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2444-091211 - FT-NMR Time and Frequency Domains Fourier...

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a short blast of radio waves is delivered to the sample and then re-emitted radiation by the sample is monitored over time. Because frequency and time are related by the Heisenberg Uncertainty Principle (like energy and position are), if we know the duration of the radiation pulse precisely we will have many different frequencies present at the same time. All of the nuclei are excited by the pulse, but then they began to "relax" and emit radio waves of an energy that matches their ! E. The result is a free induction decay (FID). The complex FID pattern contains information on all the nuclei that were excited by our radiation pulse, and we can convert theses oscillations in time back to each nucleus' frequency by using a mathematical process called a Fourier transform. http://chemlab.truman.edu/CHEM121Labs/Electronegativity.htm ww.chemie.uni-erlangen.de/ bauer/music3.htm Fourier transform FT-NMR Time and Frequency Domains: Fourier Transform
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ppm 1 0 2 3 4 5 6 7 8 High Field Low Field (downfield) (upfield) Typical proton NMR spectrum Irradiation of the sample which it is in the magnet will lead to absorption by protons, if ! E and H o are in resonance, as described above. For practical reasons, we hold ! E constant (60 MHz, 200 MHz, 600 MHz, etc.) and change H o . As ! E is changed incrementally, each proton will resonate (absorb ! E) for its particular value of H o and we generate a series of absorption peaks for each different proton . This means that each peak will represent a signal for a different proton . The instrument will monitor each absorption and plot it as ! E against H o . If ! E is constant, the change in magnetic field will be very small because each proton generates only a tiny H H . In fact, the change will be measured in Hertz (Hz) Low Field & High Field: The Proton NMR Spectrum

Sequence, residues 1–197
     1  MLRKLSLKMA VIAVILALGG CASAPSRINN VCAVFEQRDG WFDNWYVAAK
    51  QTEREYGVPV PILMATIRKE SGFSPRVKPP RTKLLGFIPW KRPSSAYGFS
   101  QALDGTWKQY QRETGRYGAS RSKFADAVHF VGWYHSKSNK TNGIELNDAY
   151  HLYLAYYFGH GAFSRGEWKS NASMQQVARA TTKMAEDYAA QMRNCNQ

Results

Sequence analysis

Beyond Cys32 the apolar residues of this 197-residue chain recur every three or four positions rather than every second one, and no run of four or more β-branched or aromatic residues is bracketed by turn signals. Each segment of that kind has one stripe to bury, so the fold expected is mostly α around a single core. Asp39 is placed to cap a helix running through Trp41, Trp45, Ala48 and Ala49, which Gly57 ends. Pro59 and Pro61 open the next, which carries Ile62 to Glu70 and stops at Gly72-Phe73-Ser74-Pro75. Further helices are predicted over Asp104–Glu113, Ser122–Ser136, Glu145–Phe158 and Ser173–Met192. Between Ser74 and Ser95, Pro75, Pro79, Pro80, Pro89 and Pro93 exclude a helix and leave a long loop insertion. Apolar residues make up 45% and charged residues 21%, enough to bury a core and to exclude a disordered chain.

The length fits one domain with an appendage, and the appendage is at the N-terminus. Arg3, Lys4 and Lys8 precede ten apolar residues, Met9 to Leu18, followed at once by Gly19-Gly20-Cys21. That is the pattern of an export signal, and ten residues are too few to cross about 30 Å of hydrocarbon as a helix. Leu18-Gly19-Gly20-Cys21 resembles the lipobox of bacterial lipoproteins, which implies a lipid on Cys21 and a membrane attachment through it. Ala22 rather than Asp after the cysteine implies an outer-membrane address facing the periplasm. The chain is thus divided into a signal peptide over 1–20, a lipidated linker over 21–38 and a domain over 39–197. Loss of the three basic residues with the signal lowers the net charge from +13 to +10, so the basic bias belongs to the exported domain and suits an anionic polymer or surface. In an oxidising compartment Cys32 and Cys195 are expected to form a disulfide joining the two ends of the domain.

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ppm 1 0 2 3 4 5 6 7 8 High Field Low Field (downfield) (upfield) Typical proton NMR spectrum The change will be measured in Hertz (Hz) while ! E is measured in megahertz (MHz). This means that the signal in Hz is in millionths relative to ! E. We must establish a zero point. We use tetramethylsilane [(Me 3 ) 4 Si; TMS] as an internal standard. This molecule gives rise to one peak for the methyl groups and we measure everything relative to it.
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